They also claim to give a semi-permanent effect, unlike some of their competitors:
A non-influencer review
Sounds a little too good to be true, so I asked a colleague who had tried it out a year ago for her review of the experience.
I was curious to find out what made her sign up for the treatment in the first place.
She confessed that she wanted to achieve a “certain ✨aesthetic✨” popularised by social media, which includes having a small face:
“The hopes of getting a smaller face in a non-invasive way was tempting enough for me to splash the amount of money which would probably be able to buy me month of a caifan.”
(PSA: Unless you’re spending S$100 on caifan (mixed vegetable rice) every day, this will cost you way more than a month’s worth of the dish. Even if you order fish.)
Based on what she was told by the consultants at KOGAO, here’s her explanation of how the procedure actually works:
But did it work? I asked, still pretty sceptical.
It did, she says, adding that she saw an overall reduction of 8cm, mostly in terms of the length of her face.
However, she was advised to go back for subsequent sessions to address her “facial asymmetry”, and was recommended three sessions in total “for longer lasting results”.
She was also told to maintain “good lifestyle habits” such as “try not to sleep on your side”, “have good posture” and “try to keep your jaw shut while at rest but not clenching” (sounds like it’ll take up too much of our cognitive abilities to be honest).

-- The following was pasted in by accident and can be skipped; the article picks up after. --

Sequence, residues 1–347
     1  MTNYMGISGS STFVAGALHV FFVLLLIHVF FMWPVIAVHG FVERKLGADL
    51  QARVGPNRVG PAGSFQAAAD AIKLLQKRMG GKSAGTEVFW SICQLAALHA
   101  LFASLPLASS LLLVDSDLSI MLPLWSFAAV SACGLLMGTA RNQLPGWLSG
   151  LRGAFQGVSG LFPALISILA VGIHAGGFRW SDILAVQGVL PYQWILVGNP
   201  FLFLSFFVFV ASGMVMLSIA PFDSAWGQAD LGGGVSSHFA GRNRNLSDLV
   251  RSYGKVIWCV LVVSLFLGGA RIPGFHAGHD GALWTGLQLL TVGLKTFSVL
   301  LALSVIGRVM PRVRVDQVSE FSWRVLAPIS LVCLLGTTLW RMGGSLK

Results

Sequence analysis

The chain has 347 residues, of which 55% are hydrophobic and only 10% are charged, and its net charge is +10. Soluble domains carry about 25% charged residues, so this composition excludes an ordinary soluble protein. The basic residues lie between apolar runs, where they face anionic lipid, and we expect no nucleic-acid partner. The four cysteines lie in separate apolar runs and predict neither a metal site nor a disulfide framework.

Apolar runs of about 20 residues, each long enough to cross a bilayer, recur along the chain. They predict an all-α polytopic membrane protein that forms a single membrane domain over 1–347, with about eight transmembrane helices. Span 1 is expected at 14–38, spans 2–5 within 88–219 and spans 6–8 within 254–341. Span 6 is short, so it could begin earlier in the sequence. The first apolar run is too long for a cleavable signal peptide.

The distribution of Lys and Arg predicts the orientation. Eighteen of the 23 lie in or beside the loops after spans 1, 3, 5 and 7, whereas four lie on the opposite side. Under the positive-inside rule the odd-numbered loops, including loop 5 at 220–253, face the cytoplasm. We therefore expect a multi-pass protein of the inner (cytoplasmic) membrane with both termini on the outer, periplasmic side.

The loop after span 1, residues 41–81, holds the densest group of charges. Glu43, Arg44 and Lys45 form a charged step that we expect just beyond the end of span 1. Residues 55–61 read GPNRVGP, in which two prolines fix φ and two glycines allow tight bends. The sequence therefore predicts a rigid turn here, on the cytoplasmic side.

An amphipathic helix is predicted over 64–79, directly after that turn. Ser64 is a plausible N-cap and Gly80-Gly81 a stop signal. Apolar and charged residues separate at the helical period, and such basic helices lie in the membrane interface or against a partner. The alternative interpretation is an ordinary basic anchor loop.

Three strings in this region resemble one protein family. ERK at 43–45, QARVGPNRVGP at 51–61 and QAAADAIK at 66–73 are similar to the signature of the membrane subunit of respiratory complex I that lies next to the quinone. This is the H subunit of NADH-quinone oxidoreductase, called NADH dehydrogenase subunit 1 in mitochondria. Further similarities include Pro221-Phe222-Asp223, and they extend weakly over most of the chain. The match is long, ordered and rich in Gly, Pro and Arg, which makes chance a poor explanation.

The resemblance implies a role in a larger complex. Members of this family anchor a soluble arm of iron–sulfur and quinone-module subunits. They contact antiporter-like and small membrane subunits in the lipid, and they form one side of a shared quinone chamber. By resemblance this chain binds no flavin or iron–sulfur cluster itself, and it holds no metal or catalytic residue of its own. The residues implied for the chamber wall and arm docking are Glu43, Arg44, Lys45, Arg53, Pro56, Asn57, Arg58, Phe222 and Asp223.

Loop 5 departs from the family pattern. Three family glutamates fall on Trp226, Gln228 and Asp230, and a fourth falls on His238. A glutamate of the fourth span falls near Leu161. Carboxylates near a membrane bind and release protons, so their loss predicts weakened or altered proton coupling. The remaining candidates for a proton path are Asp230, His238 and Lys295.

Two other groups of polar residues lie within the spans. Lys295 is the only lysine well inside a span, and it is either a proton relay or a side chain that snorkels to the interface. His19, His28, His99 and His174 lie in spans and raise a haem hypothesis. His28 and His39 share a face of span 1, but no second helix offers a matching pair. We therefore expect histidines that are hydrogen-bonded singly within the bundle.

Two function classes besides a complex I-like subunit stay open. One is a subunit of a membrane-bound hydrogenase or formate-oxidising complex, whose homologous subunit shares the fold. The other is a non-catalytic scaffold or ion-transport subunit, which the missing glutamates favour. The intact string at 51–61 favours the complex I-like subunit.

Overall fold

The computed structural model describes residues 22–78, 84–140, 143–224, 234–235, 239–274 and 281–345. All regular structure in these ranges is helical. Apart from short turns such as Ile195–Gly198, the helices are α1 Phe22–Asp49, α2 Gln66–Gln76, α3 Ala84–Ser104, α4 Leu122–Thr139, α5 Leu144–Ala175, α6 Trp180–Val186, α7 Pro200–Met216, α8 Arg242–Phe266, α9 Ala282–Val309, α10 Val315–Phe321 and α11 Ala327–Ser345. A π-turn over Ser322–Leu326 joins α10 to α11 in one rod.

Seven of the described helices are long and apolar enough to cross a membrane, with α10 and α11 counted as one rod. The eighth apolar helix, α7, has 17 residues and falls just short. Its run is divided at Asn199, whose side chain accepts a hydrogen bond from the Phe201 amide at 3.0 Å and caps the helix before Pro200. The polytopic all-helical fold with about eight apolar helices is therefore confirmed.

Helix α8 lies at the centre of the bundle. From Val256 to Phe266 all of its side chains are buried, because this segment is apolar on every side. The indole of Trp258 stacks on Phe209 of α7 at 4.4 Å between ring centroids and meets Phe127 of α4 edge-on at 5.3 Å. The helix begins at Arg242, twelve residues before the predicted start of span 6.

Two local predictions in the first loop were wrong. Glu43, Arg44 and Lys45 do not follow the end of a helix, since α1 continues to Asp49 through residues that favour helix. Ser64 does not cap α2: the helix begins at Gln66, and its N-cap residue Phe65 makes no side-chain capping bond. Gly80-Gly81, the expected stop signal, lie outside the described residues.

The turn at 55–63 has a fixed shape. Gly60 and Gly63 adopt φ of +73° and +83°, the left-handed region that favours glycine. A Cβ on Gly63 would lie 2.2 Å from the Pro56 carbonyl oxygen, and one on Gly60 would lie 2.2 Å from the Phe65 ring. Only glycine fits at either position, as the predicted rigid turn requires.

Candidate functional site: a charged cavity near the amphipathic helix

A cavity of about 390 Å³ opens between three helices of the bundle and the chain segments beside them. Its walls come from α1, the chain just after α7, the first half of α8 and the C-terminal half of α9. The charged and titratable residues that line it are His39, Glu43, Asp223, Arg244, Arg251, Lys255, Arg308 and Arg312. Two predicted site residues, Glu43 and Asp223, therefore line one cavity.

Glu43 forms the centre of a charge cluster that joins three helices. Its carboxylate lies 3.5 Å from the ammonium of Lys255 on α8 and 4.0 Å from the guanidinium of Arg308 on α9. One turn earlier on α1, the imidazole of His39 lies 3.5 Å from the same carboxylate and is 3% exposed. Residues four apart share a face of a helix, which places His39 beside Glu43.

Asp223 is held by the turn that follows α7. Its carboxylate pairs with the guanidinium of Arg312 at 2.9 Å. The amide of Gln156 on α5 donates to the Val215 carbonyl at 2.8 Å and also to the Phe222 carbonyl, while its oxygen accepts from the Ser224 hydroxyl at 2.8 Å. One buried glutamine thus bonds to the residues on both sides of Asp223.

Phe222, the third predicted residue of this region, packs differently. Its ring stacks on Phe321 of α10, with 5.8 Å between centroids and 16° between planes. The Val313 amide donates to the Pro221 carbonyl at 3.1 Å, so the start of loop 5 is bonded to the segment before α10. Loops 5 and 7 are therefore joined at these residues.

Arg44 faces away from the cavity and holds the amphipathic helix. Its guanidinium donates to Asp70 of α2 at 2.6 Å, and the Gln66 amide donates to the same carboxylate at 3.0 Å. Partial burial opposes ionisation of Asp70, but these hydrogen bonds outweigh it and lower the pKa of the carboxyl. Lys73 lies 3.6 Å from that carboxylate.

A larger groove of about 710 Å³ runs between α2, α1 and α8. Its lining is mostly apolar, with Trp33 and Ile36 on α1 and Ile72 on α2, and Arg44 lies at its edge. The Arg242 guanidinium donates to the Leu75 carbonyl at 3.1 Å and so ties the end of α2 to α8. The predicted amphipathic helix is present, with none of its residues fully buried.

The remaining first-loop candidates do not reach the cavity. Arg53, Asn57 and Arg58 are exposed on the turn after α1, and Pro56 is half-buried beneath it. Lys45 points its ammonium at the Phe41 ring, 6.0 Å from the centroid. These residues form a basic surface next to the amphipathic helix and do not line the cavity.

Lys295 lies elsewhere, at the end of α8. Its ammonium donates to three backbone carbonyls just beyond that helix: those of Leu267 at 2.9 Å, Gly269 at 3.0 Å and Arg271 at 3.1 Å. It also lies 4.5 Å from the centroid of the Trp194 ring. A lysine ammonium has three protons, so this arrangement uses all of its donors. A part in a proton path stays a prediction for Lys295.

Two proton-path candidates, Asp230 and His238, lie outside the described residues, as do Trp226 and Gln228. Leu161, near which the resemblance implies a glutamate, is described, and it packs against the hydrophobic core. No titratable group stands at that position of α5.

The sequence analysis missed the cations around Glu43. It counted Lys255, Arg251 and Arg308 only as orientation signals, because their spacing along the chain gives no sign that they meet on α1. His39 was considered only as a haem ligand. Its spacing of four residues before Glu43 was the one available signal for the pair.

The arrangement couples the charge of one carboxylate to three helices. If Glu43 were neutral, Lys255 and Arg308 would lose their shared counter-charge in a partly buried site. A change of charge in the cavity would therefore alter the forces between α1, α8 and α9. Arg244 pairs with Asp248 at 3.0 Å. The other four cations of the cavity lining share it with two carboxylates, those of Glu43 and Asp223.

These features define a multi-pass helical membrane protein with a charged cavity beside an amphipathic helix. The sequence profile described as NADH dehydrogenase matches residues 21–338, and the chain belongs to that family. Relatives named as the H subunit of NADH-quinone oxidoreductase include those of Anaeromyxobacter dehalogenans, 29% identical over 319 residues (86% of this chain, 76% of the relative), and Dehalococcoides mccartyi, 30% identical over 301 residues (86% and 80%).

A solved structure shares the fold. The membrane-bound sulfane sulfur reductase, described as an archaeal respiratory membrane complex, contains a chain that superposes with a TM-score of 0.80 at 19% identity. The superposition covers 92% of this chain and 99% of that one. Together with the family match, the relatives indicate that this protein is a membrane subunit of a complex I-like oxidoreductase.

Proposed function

Due to the high cost of the therapy however, she hasn’t been back since.
Still, while KOGAO advertises the procedure are painless, my colleague described the experience as “a world of pain”.
She likened the process to “intense tui na” (a form of hands-on body treatment in Traditional Chinese Medicine), as the therapist “exert[ed] quite a bit of force”, even using his entire body weight at times.
Is this backed by science?
You can actually reduce the size of some body parts to some extent through massage, according to Women’s Health.
Lymphatic drainage is a specialised form of massage therapy, and it reportedly “help[s] reduce water retention and bloat, according to anecdotal evidence and reviews, which may have a temporary visual slimming effect”.
It may also address a puffy face, dull complexion and skin irritation, among other issues.
Dermatologist Dr Emily Wise says that any results from a massage are “just temporary”, and there is no data that suggests it can provide a “long-lasting contour” or other benefits like getting rid of wrinkles.
Fellow dermatologist and director of cosmetic and clinical research at Mount Sinai Hospital’s Department of Dermatology Dr Joshua Zeichner adds that massage is also unlikely to help with strengthening muscles, or lifting the face.
And according to one Dr Amy Chai, it’s unlikely that anything short of surgery can actually alter your facial structure.
Still, if you have a spare S$3,000 to drop for a potentially smaller face, you can try it out anyway.
Top image via small_face_therapy_kogao/Instagram.